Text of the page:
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C.J. Miles Handling Power-Forward Dirty Work for Pacers

Bill Streicher/USA TODAY Sports

During the offseason, Larry Bird and the rest of the Indiana Pacers talked a lot about Paul George playing power forward. Bird first suggested it at the end-of-season press conference, George soon responded with some hesitation, then the two of them, along with coach Frank Vogel, proceeded to go back and forth about it in public for the rest of the summer.

The move was obviously a point of contention, but during the preseason, the experiment worked swimmingly. A dozen games into the regular season, though, and George has effectively played zero power forward. Instead, that dirty work has gone to C.J. Miles.

Things wound up this way for the 6-foot-6 Miles because no matter how the lineups are listed, opposing teams typically throw their best perimeter player on George and leave their power forward to chase Miles around instead. Part of the aim of getting George time at that position was to create mismatches against big men, but that simply hasn’t happened, since no one is foolish enough to try to deal with George like that. Opponents would rather take their chances with Miles, which is certainly the lesser of two evils in that situation.

The 10-year veteran has been game for the challenge, however, and has uttered nothing negative whatsoever about his new responsibilities. It’s still not an ideal matchup, but with Chase Budinger and Glenn Robinson III as the only other players on the roster with the size and shooting to play an effective stretch 4, Miles is clearly the Pacers’ best option to proceed with their new spread style.

TMB/Icon Sportswire

TMB/Icon Sportswire

Really, at this point in time, Miles is the strategic fulcrum, the only guy on the roster who even allows Indiana to truly play small ball. So far, that matchup has paid off both ways.

Miles has missed three games with a foot injury, so the Pacers have been slow integrating him into their new offense, especially in the half court. Not to mention, the team is also trying to navigate Monta Ellis’s involvement, which is a more difficult proposition with his ball dominance.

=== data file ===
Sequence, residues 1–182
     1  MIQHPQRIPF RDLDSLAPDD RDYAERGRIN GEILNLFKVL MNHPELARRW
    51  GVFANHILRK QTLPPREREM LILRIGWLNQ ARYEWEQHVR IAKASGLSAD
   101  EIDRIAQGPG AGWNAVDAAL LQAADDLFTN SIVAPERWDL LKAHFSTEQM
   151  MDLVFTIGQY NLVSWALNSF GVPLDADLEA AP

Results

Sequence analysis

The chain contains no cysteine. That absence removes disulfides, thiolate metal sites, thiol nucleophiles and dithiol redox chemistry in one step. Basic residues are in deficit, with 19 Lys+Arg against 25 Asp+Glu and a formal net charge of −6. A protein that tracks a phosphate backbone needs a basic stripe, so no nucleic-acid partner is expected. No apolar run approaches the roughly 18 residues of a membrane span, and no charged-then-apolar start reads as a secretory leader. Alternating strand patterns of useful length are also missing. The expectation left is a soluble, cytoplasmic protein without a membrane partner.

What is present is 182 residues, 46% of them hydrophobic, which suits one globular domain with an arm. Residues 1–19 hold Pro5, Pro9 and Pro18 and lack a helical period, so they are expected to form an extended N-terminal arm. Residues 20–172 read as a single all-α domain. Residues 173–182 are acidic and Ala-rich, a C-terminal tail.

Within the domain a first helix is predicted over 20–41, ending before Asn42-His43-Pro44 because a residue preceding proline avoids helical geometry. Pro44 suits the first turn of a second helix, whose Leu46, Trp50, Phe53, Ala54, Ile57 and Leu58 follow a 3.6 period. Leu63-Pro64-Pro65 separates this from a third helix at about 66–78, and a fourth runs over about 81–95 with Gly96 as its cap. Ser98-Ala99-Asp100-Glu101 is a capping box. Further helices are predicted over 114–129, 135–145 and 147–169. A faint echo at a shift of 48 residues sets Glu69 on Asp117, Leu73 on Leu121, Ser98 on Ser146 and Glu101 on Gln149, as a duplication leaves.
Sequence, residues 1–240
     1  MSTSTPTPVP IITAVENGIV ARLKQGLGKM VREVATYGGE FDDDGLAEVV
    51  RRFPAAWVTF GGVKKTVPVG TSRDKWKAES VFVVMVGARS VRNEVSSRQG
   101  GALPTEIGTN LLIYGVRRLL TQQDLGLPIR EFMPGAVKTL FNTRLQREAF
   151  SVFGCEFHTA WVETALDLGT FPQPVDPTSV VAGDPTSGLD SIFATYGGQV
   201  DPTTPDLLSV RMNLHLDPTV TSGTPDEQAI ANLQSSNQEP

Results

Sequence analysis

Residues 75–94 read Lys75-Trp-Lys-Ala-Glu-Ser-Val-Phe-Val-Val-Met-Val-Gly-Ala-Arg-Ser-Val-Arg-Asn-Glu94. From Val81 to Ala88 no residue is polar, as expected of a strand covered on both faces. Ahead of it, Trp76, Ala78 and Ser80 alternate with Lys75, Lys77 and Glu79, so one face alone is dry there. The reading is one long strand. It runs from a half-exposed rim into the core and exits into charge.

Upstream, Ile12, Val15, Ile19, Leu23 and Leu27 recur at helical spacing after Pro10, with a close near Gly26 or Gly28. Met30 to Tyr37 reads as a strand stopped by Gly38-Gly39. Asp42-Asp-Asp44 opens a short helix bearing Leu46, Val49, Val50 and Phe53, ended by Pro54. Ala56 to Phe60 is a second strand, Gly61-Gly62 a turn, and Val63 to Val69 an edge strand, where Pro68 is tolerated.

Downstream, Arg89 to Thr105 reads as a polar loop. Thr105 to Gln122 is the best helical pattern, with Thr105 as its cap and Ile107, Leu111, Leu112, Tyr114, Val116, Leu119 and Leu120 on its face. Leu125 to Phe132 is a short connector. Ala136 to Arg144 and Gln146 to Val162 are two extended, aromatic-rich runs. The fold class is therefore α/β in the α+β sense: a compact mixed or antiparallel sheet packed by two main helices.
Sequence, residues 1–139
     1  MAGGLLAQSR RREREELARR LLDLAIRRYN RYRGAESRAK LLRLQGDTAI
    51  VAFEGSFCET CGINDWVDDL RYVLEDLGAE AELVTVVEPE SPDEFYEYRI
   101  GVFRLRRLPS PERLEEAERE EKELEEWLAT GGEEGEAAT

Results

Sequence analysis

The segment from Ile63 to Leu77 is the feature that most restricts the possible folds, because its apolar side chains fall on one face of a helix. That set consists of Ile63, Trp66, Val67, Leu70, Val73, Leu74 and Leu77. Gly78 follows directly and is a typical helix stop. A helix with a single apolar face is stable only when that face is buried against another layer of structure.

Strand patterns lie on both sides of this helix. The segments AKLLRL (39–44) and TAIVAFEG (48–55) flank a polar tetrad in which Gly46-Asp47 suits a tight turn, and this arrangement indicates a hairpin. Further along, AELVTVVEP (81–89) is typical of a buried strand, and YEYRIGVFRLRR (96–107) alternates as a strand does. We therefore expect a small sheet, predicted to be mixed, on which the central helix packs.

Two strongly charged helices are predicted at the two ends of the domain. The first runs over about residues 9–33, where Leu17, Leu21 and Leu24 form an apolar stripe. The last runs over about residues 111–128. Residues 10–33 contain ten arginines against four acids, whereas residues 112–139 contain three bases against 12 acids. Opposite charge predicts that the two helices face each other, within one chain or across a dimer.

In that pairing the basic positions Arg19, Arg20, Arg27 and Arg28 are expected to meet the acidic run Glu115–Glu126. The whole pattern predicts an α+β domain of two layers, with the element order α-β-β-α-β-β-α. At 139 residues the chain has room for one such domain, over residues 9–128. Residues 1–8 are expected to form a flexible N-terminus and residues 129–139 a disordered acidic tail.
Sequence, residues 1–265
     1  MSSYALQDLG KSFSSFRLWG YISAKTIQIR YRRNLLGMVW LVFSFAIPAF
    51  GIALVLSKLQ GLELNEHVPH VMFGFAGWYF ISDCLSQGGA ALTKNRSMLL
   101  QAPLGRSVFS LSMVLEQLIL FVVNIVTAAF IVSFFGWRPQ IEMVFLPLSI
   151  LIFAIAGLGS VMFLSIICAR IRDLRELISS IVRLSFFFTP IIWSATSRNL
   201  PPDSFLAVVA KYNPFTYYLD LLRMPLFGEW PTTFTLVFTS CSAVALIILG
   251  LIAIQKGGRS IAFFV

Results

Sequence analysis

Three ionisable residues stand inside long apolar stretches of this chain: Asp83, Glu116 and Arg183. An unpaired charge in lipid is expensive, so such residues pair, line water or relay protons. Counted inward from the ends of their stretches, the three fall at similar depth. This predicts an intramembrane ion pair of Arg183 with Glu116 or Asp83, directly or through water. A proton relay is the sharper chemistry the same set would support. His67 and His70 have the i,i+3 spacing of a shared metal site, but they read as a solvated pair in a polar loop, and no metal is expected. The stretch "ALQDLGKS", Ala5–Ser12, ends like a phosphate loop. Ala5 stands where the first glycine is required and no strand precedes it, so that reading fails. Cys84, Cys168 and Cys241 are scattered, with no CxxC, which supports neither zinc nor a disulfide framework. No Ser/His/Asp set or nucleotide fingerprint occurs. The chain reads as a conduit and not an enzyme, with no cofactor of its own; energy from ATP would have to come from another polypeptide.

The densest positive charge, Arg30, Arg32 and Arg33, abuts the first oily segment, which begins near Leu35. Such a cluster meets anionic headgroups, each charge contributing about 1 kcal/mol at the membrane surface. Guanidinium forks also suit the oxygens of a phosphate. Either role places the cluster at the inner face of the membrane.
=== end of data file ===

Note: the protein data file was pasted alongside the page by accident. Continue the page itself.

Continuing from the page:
As long as he stays healthy, Miles should become the weapon Indiana is hoping for on offense. While he’s not an elite shooter or athlete, he’ll have no problem creating space for his quick release and current 41 percent three-point clip against opposing bigs. There’s even a little bit of off-the-bounce verve to his game –– a nice wrinkle for oversized defenders with overzealous closeouts.

Despite waiting his turn as the fourth option, Miles has still managed to be a productive scorer for Indiana so far, averaging 13.4 points and 2.6 threes per game. Most of that has come on drive-and-kicks from George and Ellis, who have assisted on 18 of his 40 field goals, as well as in transition, where Miles has scored 25 percent of his points. That’s part of the beauty of the Pacers’ new style: Miles doesn’t require a refined role to be able to make an impact. His ability to space and run the floor stretches out defenses and creates confusion, which is why he’s been so effective in transition particularly.

As ideal as Miles has been on offense for this team, he’s been giving it back some on the defensive end of the floor. Miles would normally play small forward or shooting guard, and he’s actually built strongly for those positions. But he doesn’t have exceptional length, and he’s listed at 6-6 and 230 pounds. Predictably, opposing power forwards have been killing him on the glass.

Indiana’s team rebounding percentage this season has been 49.1 overall. With Miles on the court, that number falls to 44.1 percent, and with him off the court, it rises to 52.5, well above the team average. That’s not good, but it’s not surprising given how overmatched he is physically at that position. Miles works hard on the boards, and he can only do so much. The Pacers need to improve overall at gang rebounding as a team, and that’s going to be true in the case of any future with a spread offense.

That transition is a work in progress, and nowhere is it clearer than in the lineup numbers for the team’s starting five of Hill, Ellis, George, Miles and Ian Mahinmi. That group has been Indiana’s most-played lineup to date this season, and their net rating has been a disappointing -14.9, with an 87.5-102.5 offensive-defensive split. Rebounding has definitely been at the heart of that group’s issues: they grab just 37.2 percent of available rebounds while opponents are scoring 5.3 second-chance points per game and snagging 34 percent of their misses against that five-man crew. Again, that’s not something Miles can fix on his own.

At the same time, those rates aren’t sustainable for a team’s most-used lineup, and something will have to change if that continues, ideally team rebounding if you’re the Pacers. Really, the team could use another big wing to man the 3 and 4 spots, but that seems unlikely given Indiana’s lack of assets.

For right now, they’ll continue to run Miles out there, and he’ll continue to do a damn admirable job in that role. However, if that lineup hopes to eventually find success –– given its length and scoring talent, it has a legitimate chance –– it’s going to have to match Miles’s model effort and give him some help on the glass.

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